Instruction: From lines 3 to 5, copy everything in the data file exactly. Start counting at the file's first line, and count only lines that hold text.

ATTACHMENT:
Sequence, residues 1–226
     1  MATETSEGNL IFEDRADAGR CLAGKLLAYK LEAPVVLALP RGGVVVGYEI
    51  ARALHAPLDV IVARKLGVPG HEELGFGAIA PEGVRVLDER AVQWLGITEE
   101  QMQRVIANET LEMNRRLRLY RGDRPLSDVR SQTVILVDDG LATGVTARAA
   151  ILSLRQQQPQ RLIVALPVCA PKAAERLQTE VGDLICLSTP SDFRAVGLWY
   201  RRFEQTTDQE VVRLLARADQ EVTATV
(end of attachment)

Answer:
    51  ARALHAPLDV IVARKLGVPG HEELGFGAIA PEGVRVLDER AVQWLGITEE
   101  QMQRVIANET LEMNRRLRLY RGDRPLSDVR SQTVILVDDG LATGVTARAA
   151  ILSLRQQQPQ RLIVALPVCA PKAAERLQTE VGDLICLSTP SDFRAVGLWY